The success of that early effort was attributable to everyone in the automotive community who participated and made it a viable press association from the get-go.

There was nothing particularly remarkable about my tenure as President in 1985; I was cheerleader-in-chief and just did my best to keep people enthused about participating. In the years that followed, many dedicated people worked hard to lead and grow the organization.

I moved on, literally and figuratively, to … other industries and other pursuits. But I have always remained committed to the concept of professional community. We participate in press associations and similar organizations for many good reasons — to advance the interests of the membership, to recognize achievement, and, most importantly, to exchange knowledge. It’s all worthwhile, and almost always fun.

Looking to the future, I will offer this: All press clubs today have the challenge of addressing member needs and priorities in a changing media environment. But perhaps more importantly, all professional associations need to fight to stay relevant in an era where communities are increasingly virtual, and knowledge is often accessible without the need to literally gather. I think it’s important to keep looking for new ways to build value in the kind of personal interaction that local associations afford, because I think gathering is important. Whether it’s in the public square or at the Proud Bird.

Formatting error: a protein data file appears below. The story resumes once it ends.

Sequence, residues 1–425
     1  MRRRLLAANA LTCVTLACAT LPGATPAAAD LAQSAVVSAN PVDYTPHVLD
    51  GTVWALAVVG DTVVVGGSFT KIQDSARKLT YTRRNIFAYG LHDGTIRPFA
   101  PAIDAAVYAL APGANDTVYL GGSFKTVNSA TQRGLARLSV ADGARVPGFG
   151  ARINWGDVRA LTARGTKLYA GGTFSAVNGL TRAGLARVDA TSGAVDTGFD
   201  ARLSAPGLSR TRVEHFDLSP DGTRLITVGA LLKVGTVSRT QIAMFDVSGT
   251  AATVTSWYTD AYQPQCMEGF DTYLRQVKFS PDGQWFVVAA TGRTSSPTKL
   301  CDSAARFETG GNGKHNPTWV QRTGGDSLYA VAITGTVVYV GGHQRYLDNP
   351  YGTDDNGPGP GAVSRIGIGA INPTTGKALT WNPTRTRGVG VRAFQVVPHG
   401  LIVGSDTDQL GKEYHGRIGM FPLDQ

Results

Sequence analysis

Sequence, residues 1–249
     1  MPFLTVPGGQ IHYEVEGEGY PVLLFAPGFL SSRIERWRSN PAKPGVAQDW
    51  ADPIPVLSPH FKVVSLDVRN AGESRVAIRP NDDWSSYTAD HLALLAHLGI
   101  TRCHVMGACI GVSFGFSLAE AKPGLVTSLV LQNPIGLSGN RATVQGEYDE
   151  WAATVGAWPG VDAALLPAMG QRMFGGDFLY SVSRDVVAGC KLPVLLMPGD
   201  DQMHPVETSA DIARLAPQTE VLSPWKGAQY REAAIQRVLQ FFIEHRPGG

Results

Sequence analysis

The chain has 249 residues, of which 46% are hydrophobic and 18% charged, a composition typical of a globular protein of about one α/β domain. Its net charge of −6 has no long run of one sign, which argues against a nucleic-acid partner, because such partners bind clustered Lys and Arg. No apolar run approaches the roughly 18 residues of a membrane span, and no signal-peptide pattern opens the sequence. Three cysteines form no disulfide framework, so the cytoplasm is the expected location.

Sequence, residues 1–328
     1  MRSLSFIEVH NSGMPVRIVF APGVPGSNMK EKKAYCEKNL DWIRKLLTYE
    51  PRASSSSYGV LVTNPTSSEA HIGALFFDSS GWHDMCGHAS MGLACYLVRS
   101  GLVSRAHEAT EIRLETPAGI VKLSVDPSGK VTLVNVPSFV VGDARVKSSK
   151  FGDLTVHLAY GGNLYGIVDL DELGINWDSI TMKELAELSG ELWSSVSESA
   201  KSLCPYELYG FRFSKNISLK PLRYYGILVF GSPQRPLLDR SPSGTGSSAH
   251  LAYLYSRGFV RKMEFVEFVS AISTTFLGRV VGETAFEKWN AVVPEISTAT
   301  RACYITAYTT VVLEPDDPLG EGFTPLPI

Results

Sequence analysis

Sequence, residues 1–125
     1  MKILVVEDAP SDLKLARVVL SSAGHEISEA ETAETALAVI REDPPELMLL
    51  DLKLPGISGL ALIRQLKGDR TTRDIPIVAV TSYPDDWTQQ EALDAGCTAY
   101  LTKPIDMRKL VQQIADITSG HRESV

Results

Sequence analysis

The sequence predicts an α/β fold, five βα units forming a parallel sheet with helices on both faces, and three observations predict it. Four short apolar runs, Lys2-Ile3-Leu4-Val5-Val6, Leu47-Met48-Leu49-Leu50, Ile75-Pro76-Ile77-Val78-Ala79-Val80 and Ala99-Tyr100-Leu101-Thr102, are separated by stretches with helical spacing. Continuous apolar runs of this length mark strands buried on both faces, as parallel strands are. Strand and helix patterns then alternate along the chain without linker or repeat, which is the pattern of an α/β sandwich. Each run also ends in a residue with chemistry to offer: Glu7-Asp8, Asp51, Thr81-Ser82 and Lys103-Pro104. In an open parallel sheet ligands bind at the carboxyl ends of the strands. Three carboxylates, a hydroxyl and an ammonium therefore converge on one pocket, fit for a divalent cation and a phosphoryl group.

As for the current economic crisis, it’s frankly a lot scarier than the early 1980s, although I believe that American ingenuity will prevail in the long run … I don’t know what this means for MPG members, but I hope that being involved in MPG will be helpful in weathering whatever comes next. — George-Ann Rosenberg, MPG President 1985

—compiled by Pete Lyons, editor of MilePost